Mustafa says that #1 on the menu, lahmacun, is popular throughout the Middle East and is also a hit with his customers. It's a thin crust topped with spiced ground beef, peppers, onions, tomatoes and parsley.

#1 Lahmacun
For first time visitors, he recommends #18, Karsik. It consists of slices of all his most popular pides.

#18 Karsik
The lahmacun is a tasty treat, like a thin-crust pizza but with spicy meat. The karsik is quite the adventure: one part is has grilled chicken breast in a sea of mozzarella; another has roasted lamb and mozzarella; another has turkish (beef) sausage. My favourite was the spinach and feta, a sort of doughy spanakopita.

It's certainly not a light meal—grease drips down your hands as you eat—but it's tasty. Each pide costs $6.99 to $9.99 and is enough for a meal and possibly leftovers.

You can wash it down with aryan, yogurt drink, although I'd recommend a cherry juice if you're not accustomed to salted yogurt.

Pizza Pide is open 11am to 10pm Monday to Saturday; Sunday 11:30 to 9pm.

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Tuesday, March 15, 2011

Is this quaint vegetarian restaurant in Riverdale part of a religious cult?

Loan Bhan-Le, an immigrant from Vietnam, tells me that she set up this Riverdale eatery after her guru, the Supreme Master, asked her disciples to start up restaurants. "She asked us to open them so people can try vegan food and see that it's not bad food."

The result is Green Earth Vegetarian Cuisine, a vegan restaurant located at 385 Broadview near Gerrard (see map, below). This may be one of the most unusual restaurants I've encountered to date in Toronto. However, it does succeed in its goal of showing that vegan food can be quite tasty.

Photos by Jennifer Hollett

The menu has pages and pages of veggie food options. There are elaborate salads and Asian-style soups, Indian curries, fried rice dishes and pasta. Many dishes have grilled soy protein or grilled tofu.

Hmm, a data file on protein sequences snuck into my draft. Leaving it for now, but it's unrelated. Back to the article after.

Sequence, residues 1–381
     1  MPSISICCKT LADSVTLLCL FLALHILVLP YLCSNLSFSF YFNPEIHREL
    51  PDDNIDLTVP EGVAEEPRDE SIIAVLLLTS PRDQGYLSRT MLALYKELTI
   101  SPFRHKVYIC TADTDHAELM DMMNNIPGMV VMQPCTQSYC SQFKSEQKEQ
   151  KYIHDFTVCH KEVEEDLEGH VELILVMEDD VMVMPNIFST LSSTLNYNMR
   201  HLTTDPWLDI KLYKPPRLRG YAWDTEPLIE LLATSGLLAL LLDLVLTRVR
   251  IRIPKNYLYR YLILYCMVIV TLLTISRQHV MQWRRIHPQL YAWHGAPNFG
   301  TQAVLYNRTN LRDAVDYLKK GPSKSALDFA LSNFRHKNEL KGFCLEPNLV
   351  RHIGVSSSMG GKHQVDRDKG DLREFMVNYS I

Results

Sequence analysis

I ate some tasty spring rolls and surprisingly yummy "shrimp" made out of yam. The crispy lemongrass faux-chicken may be a delight to vegetarians, but if you're a carnivore, you might find it a bit lacking. Prices are reasonable, with appetizers running for $3 to $4, giant soups for $6.50 and entrees for $7 to $10.

It looks like any normal restaurant, except for a few telling details. A TV screen in the corner is tuned to Supreme Master Television, a network that broadcasts the activities of Loan's guru—a spiritual teacher based in Taiwan named Ching Hai—in multiple languages. Stats roll across the screen on the numerous diseases you can get from meat and commentators warn that meat production is causing global warming that is destroying the planet.

The Supreme Master appears on her TV channel.
Green Earth has the Supreme Master's books on display.
The Supreme Master is a bleach-blond woman originally from Vietnam. Her disciples meditate two-and-a-half hours a day using her Quan Yin method of meditation. The Supreme Master says she doesn't accept donations directly, but she does peddle pricy merchandise to her followers online. You can buy a hat for your dog with the Supreme Master logo for $24, or the "at-one-with-creation lamp" for $1,094.

What does Loan say to accusations that her organization is a cult? "We don't care," says Loan. "Just God knows and we know." Loan says she's a buddhist, and that people of any religion can follow the Supreme Master. "We call her a guru, but she says she is just a friend of people."

Green Earth, says Loan, isn't meant to promote the Supreme Master. "I hope my customers become vegan," she says. "I don't care about religion."

Green Earth waitress Shayna with the owner, Loan